USDA’s export inspection report was seen as bearish for corn. There were 28.2 million bushels of corn reported shipped the week of Oct. 11, below the 38.3 million bushels needed to meet USDA’s projection of 2 billion bushels.

USDA’s crop progress report estimated corn harvest at 68 percent complete, with 16 percent one year ago and 39 percent for the five-year average.

The year-to-date export sales pace for corn is 755.3 million bushels compared with 666 million bushels last year. Total shipments the week of Oct. 19 were at 32.8 million bushels and below the USDA-estimated 38.3 million bushels.


Soybeans started the week of Oct. 18 in a tug-of-war between strong demand and rapid harvest progress.

Overnight, China bought 120,000 metric tons of soybeans. This combined with a friendly export inspections estimate to support soybeans. By midsession, soybeans ran into selling pressure from predictions that USDA’s crop progress report will show another week of rapid harvest progress.

Traders are expecting harvest progress to be 80 percent.

Soybeans opened the Oct. 19 session with large losses, as most months were 15 to 17 cents lower on the opening. Soybeans opened the overnight session higher and traded with decent gains throughout most of the session. But selling pressure was uncovered when China announced its interest rate increase. The announcement sent the U.S. dollar sharply higher and grains lower. Another interesting aspect of the interest rate hike is that USDA reported a total of 400,000 metric tons of soybean sales, with 275,000 metric tons to an unknown destination and 125,000 metric tons to China.

The Oct. 20 session opened higher with much of the early support coming from thoughts that the previous day’s losses were overdone. Strong demand helped support soybeans as another 180,000-metric-ton export sale to China was reported.

Strong demand was the main feature of the Oct. 21 session as support came from an extremely friendly export sales estimate. For the week of Oct. 11, USDA estimated the soybean sales pace at 74.1 million bushels. Soybeans are only six weeks into the 2010 marketing year and sales already are at 63 percent of expectations. Shipments, on the other hand, are at 12 percent of expectations. Small trader buying and short covering was seen early in the session. This was offset by fund long liquidation.

Once the small trader buying slowed, fund selling was what was left to drive the market. It appeared the trade had already worked in a strong export sales estimate and once early buying dried up, the market was left with fund selling.

As of Oct 17, soybean harvesting progress is estimated at 83 percetn complete compared with 67 percent the week of Oct. 11 and 62 percent for the five-year average.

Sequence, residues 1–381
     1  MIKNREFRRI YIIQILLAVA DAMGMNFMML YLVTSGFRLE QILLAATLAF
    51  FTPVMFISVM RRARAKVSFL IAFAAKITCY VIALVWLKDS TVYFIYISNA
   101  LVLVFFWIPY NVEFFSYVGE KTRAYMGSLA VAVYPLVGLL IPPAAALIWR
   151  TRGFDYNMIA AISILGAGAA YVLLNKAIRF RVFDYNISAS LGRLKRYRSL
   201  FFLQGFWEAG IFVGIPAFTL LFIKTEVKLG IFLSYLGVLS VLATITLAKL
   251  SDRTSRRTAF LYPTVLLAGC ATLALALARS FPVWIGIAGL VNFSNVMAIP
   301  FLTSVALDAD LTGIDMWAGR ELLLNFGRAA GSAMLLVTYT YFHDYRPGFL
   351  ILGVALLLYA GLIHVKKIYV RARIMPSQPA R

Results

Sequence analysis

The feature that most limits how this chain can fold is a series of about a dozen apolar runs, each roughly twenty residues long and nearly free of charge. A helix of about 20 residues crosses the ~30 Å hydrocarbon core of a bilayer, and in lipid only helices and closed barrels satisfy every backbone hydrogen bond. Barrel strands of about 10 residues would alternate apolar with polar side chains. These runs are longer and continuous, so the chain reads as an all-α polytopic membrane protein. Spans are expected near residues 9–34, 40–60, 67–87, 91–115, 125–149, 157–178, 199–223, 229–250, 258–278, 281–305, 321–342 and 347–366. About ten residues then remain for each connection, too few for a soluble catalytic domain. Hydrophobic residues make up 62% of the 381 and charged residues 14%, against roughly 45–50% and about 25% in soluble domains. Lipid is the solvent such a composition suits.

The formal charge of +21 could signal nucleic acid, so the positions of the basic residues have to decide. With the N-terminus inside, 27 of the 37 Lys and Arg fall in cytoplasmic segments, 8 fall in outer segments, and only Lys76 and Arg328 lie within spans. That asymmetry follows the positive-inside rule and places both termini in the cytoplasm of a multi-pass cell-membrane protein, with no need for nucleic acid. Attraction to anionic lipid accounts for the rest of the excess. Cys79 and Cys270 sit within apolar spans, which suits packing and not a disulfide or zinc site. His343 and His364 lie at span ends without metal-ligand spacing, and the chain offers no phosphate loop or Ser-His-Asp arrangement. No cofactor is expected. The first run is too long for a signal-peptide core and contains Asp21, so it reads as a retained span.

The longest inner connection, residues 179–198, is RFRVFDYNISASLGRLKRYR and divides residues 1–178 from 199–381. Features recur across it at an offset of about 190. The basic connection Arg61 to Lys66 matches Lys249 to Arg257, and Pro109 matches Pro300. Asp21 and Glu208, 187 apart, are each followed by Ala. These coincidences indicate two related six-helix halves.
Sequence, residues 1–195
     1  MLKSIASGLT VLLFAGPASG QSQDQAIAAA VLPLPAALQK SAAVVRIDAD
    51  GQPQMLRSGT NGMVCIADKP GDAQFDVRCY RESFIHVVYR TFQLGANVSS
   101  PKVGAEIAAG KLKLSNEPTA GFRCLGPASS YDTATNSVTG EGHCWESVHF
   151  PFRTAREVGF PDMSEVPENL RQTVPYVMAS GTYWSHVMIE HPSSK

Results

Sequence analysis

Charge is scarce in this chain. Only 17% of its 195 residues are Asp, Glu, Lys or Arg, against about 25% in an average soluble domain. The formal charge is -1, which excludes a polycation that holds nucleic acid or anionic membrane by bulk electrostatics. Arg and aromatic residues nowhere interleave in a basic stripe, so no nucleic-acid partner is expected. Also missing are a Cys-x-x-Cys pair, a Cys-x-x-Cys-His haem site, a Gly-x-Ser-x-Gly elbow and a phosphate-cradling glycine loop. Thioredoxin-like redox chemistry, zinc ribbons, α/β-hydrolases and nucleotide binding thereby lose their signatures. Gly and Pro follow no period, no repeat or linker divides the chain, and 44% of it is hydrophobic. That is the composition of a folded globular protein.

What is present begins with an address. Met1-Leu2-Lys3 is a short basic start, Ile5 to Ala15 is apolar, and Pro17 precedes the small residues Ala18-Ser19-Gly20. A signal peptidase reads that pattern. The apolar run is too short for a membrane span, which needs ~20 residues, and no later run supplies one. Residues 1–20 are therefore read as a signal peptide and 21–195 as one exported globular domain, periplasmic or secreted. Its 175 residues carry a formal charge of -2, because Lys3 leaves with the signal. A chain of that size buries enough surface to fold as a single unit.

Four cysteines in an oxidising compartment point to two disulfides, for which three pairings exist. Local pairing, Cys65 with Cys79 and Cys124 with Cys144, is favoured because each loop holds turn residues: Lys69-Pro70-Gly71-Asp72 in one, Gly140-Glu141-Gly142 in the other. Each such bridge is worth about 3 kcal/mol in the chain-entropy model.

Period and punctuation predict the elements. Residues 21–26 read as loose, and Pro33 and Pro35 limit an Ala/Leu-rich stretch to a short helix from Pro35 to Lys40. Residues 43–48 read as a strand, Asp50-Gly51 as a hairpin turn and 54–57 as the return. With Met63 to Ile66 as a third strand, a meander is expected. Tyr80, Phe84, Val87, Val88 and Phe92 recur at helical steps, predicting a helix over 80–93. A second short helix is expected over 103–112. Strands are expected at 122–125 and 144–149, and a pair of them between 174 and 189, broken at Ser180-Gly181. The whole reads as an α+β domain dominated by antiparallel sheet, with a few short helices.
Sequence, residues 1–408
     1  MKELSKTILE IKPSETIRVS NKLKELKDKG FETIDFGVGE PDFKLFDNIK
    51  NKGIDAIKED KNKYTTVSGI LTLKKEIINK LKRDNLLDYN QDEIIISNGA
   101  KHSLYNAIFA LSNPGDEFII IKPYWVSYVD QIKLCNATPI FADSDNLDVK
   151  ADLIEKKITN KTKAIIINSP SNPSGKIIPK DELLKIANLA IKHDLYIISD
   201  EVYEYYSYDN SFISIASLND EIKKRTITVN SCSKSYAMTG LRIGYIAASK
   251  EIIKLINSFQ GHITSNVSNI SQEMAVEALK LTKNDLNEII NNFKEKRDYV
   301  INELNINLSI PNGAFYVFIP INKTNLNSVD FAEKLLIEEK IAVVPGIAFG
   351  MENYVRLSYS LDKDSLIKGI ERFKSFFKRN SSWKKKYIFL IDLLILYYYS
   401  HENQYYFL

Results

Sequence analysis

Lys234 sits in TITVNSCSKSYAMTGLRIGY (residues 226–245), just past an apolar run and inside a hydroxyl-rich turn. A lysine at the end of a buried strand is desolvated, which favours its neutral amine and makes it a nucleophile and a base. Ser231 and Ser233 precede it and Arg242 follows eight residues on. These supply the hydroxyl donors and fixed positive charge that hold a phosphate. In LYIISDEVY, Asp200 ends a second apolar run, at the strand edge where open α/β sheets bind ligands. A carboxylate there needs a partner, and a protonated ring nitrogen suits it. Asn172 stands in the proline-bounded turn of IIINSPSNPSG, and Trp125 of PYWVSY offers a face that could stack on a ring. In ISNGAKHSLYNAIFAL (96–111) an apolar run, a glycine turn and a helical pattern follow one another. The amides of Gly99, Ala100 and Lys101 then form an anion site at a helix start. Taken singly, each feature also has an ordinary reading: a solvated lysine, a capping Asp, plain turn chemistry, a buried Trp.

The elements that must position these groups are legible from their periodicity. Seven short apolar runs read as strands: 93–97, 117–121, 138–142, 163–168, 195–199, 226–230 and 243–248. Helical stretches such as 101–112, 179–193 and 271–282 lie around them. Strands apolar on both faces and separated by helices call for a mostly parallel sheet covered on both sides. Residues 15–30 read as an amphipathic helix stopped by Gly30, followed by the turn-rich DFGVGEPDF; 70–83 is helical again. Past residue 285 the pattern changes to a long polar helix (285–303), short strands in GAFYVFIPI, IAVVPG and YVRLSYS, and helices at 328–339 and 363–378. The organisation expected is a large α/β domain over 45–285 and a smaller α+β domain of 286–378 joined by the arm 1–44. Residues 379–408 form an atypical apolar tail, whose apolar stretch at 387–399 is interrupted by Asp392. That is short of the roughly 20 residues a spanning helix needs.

No barley shipments or export sales were reported the week of Oct. 11. This brings the year-to-date export shipments pace to 3.3 million bushels compared with 1.4 million bushels last year at this time. Barley’s export sales pace for the year is 4.4 million bushels, compared with 3.1 million bushels last year at this time.


USDA estimated the export shipments pace for the week of Oct. 11 at 214,000 bushels with all of the bushels going to Belgium. The export sales pace for durum is 22.5 million bushels compared with 28.3 million bushels last year at this time.

Oct. 21 cash durum bids in Berthold, N.D., were at $6, while durum bids in Dickinson, N.D., were $6.40. The Cass County N.D. durum loan deficiency payment rate Oct. 21 was at 50 cents.


Canola futures on the Winnipeg futures closed Oct. 21 with almost $13 (Canadian) gains. The canola market struggled for part of the week of Oct. 18, with most of the selling tied to ideal weather conditions, which have allowed for harvest progress to advance at a rapid pace.

Most of the bearish weather news was offset by spillover buying from a stronger U.S. soybean market and strong demand. Export interest for all vegetable oil products has been strong, and that has helped to push both the U.S. soybean market and canola market to over two- year highs.

Cash canola bids in Velva, N.D., closed Oct 21 at $21.42, 96 cents higher.


As of Oct. 17, 29 percent of the nation’s sunflower crop had been harvested, compared with 11 the previous week and 22 percent for the five-year average.

For the week ending Oct. 21, December soybean oil increased 47 cents to $48.24. Cash sunflower bids in Fargo, N.D., for the week ending Oct. 21 increased 20 cents to $19.35.